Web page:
Australian shipbuilder Incat Tasmania is proud to announce the delivery and departure from Hobart of its latest high speed ferry, Volcán de Taidía. The 111 metre catamaran will operate in Spanish waters alongside sister vessel Volcán de Tagoro which was delivered by Incat in 2019.
Volcán de Taidía is now on her way to Spain via Auckland, across the Pacific Ocean to Tahiti and the Panama Canal before crossing the Atlantic to her new home in the Canary Islands. Naviera Armas will operate the vessel between Las Palmas de Gran Canaria and Santa Cruz de Tenerife.
The company has an extensive fleet of vessels, and when she enters service Volcán de Taidía will be the sixth Incat-built vessel operating in the fleet. She is also the second Naviera Armas newbuild direct from Incat Tasmania, having obtained other Incat-built vessels on the second-hand market, explains Naviera Armas owner Antonio Armas senior.
“We are delighted to have a new sister ship of the catamaran Volcán de Tagoro whose excellent performance and benefits have raised the quality of maritime transport to its highest level.
“This is why, upon the introduction of the new Volcán de Taidía, Naviera Armas will reinforce the ‘sea bridge’ between both Canary Islands capitals with two latest generation high speed craft. This is very fitting because the delivery of our new ship coincides with the 80th anniversary of the start of the shipping career of Antonio Armas Curbelo, the Lanzarote-based shipowner, creator of the company known today as Naviera Armas,” Antonio Armas says.
Incat Tasmania CEO Tim Burnell says the delivery of a second large high speed ferry to Naviera Armas is a sound endorsement of the excellent seakeeping qualities delivered by Incat catamarans. “The original vision of Naviera Armas was to facilitate high speed movement for passengers, cars and trucks between the two main cities in the Canary Islands, Las Palmas and Tenerife.
“The one concern Antonio Armas senior had was that this is one of the most exposed routes in the Canary Islands. Volcán de Tagoro has proven it can operate a highly reliable year-round crossing on the route and the delivery of Volcán de Taidia is a resounding vote of confidence in the hull design refinements implemented in 2019,” Tim Burnell says.
Volcán de Taidía has capacity for 1200 persons, including crew, and the vehicle deck allows for almost 600 TLM (595 truck lane metres) plus 219 cars, or in car-only mode it can accommodate 401 cars. Passenger spaces are divided into three classes, First Class, Business Class and Economy, each area offering bars and food service areas.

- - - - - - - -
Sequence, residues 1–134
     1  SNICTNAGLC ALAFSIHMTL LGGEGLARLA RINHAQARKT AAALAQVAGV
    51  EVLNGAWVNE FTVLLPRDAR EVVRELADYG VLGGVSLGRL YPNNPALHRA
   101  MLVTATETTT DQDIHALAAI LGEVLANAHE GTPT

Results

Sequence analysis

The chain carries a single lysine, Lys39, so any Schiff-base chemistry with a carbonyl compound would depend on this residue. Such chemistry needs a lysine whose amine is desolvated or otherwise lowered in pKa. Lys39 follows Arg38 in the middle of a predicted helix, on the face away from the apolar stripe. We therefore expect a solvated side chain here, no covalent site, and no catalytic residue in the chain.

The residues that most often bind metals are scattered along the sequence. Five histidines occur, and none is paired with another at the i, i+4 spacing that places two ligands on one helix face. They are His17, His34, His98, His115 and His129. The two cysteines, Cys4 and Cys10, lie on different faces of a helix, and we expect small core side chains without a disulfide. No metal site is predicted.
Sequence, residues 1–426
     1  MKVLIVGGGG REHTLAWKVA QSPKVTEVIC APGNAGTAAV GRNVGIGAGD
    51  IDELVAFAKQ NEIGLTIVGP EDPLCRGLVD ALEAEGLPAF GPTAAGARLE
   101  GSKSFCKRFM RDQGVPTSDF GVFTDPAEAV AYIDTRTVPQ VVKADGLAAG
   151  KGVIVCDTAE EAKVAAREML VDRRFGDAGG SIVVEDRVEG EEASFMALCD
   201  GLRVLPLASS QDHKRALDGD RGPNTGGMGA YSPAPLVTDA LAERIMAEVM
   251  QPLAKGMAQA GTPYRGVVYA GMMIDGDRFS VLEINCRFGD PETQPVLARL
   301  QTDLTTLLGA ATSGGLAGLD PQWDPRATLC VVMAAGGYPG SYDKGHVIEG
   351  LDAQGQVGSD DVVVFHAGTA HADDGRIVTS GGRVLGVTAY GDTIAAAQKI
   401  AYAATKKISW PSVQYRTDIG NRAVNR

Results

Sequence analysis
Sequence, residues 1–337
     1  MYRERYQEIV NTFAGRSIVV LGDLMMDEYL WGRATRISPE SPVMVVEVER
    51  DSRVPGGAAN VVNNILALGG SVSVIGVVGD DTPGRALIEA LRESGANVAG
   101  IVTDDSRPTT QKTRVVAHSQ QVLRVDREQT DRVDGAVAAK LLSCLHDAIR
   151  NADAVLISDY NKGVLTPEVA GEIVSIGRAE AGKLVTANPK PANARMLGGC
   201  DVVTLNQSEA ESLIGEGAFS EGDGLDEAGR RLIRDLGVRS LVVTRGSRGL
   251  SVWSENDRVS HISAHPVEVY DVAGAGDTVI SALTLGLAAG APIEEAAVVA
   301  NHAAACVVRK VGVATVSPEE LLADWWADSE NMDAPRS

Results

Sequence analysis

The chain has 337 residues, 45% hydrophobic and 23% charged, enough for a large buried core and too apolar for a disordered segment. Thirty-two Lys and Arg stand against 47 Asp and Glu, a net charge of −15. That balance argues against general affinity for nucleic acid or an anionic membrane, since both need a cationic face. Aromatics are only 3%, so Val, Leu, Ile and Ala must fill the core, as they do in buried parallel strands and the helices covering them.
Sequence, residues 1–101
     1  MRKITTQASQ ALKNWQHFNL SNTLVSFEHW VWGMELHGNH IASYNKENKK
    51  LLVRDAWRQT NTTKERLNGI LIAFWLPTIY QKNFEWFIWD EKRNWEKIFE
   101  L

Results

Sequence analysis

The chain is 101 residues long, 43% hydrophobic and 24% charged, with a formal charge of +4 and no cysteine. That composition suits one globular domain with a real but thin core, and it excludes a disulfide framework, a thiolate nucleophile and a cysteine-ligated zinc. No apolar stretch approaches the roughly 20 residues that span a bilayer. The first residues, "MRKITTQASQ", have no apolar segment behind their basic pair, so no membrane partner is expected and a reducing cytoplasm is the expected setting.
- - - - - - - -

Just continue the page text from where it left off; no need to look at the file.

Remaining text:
The ship is powered by four MAN 20V diesel engines driving Wartsila waterjets. Volcán de Taidía achieved over 42 knots with 600 tonnes deadweight during speed trials.
Both vessels will operate out of the new private port facility strategically located in the centre of the Canary Islands at Las Palmas and developed by Naviera Armas in 2019. Nelson Mandela Pier is the first privately financed passenger terminal in a Spanish state-owned port. The new ships and terminal demonstrate the Naviera Armas’s commitment to its passengers and freight customers.
Assisting with financial support for the transaction were Export Finance Australia (EFA) on the construction finance and P Capital Partners (PCP) on the long term takeout finance.
EFA Managing Director and CEO Ms Swati Dave said that EFA worked closely with Incat to ensure the right financial support “These have been challenging times for Australian exporters and the Export Finance Australia team have supported Incat every step of the way. I’m pleased that we’ve had the opportunity to provide Incat with finance to build Volcán de Taidía, highlighting the very best in Australian construction.”
PCP Managing Director David Ullenius says, “Incat built vessels are industry leading in terms of energy efficiency, weight optimisation and build quality. Volcán de Taidía is our fourth term transaction on Incat built high speed catamarans and we are looking forward to extending this relationship with Incat and Naviera Armas in the future”.